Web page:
doesn't get heard?
Tutu: Well, one of the things is what it will do to the American
people. Which is that they might want to turn a blind eye to
something that they know is wrong. And that will erode their true
greatness. And in a way, I think one has to say, look, this is a
remarkable community of people. They are a really good, really
generous, caring people. And yet, in an odd kind of way, they're
also a vindictive people. I mean when you look at how they still
hold on to capital punishment, when it is abandoned in so many
places. I mean America could not become a member of the European
Union. They would be disqualified because they still support
capital punishment. They are, as it were, subverting the
possibilities of true greatness. And the reaction from the world
will be the sort of thing that makes September the 11th possible.
There is an anger, a resentment in the rest of the world,
especially in the so-called Third World, that the United States
can support whoever they want to support, if, at that time, it is
in their so-called national interest. They have tended to support
despots, people whose human rights record is appalling. I mean,
when you consider that Osama bin Laden is really a creature of
the United States, something they maybe do not want to face up
to. Think of what's happened with Contras in Nicaragua, with
Savimbi in Angola, with Marcos in the Philippines; you can go on
and on like that and it is worrisome. It is worrisome that they
can have seemed so reckless about the consequences of their
policies for other people. And one is saying, please, please, for
your own sakes - and of course for the sake of the rest of the
world - reconsider, reappraise, what you are about.
Amosu: Moving away from Afghanistan now, to South Africa, your
own country. I know that you're deeply concerned about the
problem of poverty in South Africa today and, in fact, you've
recently said that if the gap between the rich and the poor is
not closed, we can "kiss reconciliation goodbye". Is South
Africa's transition really as vulnerable as that?
Tutu: Well, it is not just an unreasonable idea that comes from
Archbishop Desmond Tutu; it was contained as one of major
recommendations of our five-volume report of the TRC, that
reconciliation means that those who have been on the underside of
history must see that there is a qualitative difference between
repression and freedom.
And for them, freedom translates into having a supply of clean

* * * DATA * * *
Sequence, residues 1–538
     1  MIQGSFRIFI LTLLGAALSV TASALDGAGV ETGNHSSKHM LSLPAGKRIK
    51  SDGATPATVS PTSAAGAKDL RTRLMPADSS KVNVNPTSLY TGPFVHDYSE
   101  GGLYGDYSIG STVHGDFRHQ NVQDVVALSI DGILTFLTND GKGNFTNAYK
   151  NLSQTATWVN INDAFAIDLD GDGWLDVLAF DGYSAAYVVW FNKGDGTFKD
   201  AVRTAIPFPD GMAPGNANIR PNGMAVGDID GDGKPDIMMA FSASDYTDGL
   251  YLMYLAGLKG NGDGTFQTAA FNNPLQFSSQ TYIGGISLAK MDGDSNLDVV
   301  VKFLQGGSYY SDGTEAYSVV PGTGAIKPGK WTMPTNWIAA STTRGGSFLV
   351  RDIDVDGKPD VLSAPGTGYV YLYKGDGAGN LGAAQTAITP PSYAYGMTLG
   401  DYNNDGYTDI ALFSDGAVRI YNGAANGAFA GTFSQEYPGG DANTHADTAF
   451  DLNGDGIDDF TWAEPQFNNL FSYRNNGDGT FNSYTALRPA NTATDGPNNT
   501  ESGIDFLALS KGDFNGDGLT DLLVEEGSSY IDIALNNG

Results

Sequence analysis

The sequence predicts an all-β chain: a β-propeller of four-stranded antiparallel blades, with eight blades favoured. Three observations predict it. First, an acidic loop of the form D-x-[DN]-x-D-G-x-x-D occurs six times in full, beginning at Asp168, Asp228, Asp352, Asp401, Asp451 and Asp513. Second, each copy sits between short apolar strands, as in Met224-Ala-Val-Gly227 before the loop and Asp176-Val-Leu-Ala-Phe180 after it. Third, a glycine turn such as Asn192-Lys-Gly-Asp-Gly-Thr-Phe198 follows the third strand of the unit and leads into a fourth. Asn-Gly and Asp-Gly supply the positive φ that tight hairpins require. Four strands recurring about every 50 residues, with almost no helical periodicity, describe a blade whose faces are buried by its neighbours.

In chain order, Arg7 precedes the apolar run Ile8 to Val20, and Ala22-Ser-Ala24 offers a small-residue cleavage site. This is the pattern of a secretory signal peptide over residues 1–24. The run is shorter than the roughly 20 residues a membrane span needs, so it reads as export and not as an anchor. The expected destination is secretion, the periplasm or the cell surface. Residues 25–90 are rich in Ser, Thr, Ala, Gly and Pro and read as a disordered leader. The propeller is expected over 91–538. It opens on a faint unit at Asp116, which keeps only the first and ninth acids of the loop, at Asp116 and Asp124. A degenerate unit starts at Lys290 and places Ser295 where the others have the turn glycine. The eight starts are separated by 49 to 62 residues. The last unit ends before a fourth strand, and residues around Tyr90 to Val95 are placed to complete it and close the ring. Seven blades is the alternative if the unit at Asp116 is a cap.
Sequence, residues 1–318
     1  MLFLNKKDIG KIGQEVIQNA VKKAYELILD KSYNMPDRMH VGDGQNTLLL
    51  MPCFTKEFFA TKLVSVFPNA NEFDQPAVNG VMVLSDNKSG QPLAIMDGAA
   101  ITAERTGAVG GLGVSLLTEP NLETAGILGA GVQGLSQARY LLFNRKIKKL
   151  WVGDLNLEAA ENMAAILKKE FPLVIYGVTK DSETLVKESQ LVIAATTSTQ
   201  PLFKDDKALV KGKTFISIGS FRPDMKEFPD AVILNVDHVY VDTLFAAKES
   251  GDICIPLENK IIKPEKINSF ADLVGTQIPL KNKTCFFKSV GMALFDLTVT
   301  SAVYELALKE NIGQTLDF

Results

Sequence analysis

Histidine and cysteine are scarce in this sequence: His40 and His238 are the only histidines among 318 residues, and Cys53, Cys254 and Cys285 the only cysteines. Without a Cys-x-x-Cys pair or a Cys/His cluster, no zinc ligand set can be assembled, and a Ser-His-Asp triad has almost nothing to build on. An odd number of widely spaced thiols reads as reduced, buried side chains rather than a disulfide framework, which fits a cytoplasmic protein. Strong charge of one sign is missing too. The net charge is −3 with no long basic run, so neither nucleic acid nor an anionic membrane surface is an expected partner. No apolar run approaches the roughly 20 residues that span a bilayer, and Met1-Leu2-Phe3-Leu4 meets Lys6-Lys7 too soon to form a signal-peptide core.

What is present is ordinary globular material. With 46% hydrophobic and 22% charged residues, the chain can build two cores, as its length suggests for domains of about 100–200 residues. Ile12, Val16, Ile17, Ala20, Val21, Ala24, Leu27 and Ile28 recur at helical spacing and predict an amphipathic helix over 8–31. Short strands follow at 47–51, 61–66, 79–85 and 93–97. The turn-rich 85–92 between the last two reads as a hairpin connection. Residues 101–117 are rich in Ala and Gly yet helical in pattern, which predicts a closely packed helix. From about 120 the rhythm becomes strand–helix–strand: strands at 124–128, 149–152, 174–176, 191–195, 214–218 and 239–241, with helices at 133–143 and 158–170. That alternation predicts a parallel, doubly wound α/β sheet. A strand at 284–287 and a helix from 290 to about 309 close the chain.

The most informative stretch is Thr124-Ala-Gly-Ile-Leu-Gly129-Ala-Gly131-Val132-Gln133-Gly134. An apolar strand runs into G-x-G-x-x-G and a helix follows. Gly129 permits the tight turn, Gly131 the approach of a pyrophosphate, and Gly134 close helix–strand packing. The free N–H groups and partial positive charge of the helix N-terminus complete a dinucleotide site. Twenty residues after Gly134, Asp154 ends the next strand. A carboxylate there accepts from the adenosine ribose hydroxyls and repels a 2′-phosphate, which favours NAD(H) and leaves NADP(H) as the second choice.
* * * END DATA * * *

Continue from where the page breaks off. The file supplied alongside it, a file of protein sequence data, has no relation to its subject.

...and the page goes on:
water, having electricity on tap; being able to live in a decent
home and have a good job; to be able to send your children to
school and to have accessible health care. I mean, what's the
point of having made this transition if the quality of life of
these people is not enhanced and improved? If not, the vote is
Amosu: So how do you explain, that seven years on, this is the
situation we're faced with?
Tutu: In part, I think we've had a failure of leadership on the
part of the white community where, you would have hoped that many
of the leaders would have said, "hey, we're very, very fortunate.
We have people on the other side who could so easily have gone on
the rampage, and destroyed everything that we have. They haven't
done so. They have been patient seven years."
I mean, I am, myself, still very, very, very amazed that people
can show that kind of patience. But we've already seen what could
be warning lights with the land invasions. I mean, it may be
copycatting the things in Zimbabwe, but I don't think so. I think
that there are people who are beginning to say, "what's the
Amosu: But are you right to place the blame at the door of the
white leadership? I mean, you've got an ANC government which has
a huge majority, which many other governments would love to have,
and support from all over the world for the transition. Surely,
tackling poverty is a job for the government?
Tutu: Well, you can distribute resources only if you have
resources. I'm not exonerating the government from all blame, but
I still believe that it would have been far better for the acts
of generosity to emanate from those who have benefited from
apartheid for all these years and who still own a big share of
the resources. I mean when you look at the Stock Exchange, only
maybe about 10% has changed hands.
You know, it's possible for the government to pass legislation
and therefore force people to do what is in their own interests.
But it would be better if they were to say, we really do want to
see transformation happen, we are ready to do as much as we can,
voluntarily; because you don't want to build up resentment in
them. Because you are trying to create a new kind of society, a